For the first time (at least in recent history), less than half of all housing units in Seattle are detached single family dwellings. That’s what I found yesterday, squirreled away in the depths of recently-released census data for 2005. Just 49.3 percent of the city’s units are of the traditional house-and-yard variety.
And as far as I can tell, Seattle is the only city in the US Northwest where this is true. (The census numbers are easily available only in a format that makes it difficult to be certain.) Even in density-friendly Portland, fully 60 percent of the city’s housing units are conventional detached single family houses.
I should mention, however, that while Seattle has passed the halfway mark, detached single family houses are still easily the most common form of housing in Seattle. But I was equally surprised to find that 34 percent of all units in Seattle are in a building containing at least 10 units.
It’s interesting, I think, that the city’s image of itself hasn’t necessarily caught up to its new reality (as evidenced by the ritual of sackcloth and ashes still occasionally observed whenever urbanization is the topic). And while Seattle is still far less dense than, say, San Francisco, where only 16 percent of units are detached single family dwellings, I think we in the Emerald City can now officially consider ourselves urban.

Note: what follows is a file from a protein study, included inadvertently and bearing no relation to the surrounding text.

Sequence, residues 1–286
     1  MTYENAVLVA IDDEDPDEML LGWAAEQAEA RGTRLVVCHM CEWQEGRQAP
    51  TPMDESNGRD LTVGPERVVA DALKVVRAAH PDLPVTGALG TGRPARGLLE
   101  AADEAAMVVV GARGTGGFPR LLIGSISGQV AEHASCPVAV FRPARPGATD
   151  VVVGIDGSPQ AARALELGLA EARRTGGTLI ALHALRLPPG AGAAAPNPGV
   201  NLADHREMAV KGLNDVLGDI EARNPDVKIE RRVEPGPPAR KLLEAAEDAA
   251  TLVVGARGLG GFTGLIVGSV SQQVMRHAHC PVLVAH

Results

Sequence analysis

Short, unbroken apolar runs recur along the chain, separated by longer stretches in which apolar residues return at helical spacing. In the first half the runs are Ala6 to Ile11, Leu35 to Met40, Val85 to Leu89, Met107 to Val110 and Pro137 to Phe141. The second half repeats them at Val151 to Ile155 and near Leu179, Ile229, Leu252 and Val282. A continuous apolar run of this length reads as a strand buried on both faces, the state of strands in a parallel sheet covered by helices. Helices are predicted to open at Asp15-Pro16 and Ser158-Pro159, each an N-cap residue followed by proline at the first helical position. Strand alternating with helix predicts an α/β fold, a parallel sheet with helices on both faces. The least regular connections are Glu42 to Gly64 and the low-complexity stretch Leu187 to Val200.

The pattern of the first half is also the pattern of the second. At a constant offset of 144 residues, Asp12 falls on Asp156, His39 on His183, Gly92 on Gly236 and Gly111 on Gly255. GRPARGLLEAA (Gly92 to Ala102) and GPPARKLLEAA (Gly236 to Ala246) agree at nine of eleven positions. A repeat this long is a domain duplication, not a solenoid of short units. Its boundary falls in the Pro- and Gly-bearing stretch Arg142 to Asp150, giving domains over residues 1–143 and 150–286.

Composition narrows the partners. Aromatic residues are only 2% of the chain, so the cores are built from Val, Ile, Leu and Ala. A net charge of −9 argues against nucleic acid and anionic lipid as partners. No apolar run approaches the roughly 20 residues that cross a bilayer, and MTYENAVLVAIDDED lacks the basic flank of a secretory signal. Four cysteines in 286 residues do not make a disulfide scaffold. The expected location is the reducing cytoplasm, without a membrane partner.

UPDATE 4/16/07: Knute Berger, in a Crosscut column yesterday, says he doesn’t like this post. He doesn’t like Sightline’s support for increasing density in certain ways. And San Francisco? Don’t even get him started on San Francisco. Basically, it’s just Berger continuing his pro-sprawl propaganda campaign by rehashing a few half-baked (and thinly supported) notions about how density, affordability, and sprawl interact.
I or Clark will post a full response later on.
UPDATE 4/17/07: Berger gets called out by Ryan over at Metroblogging Seattle; also by Will at Horsesass. At Slog, Dan Savage is, um, emphatic about his disagreement with Berger. And then more recently at Slog, Erica C. Barnett delivers the coup de grace.
UPDATE 4/19/07: Michael van Baker takes it to a new level at Seattlest.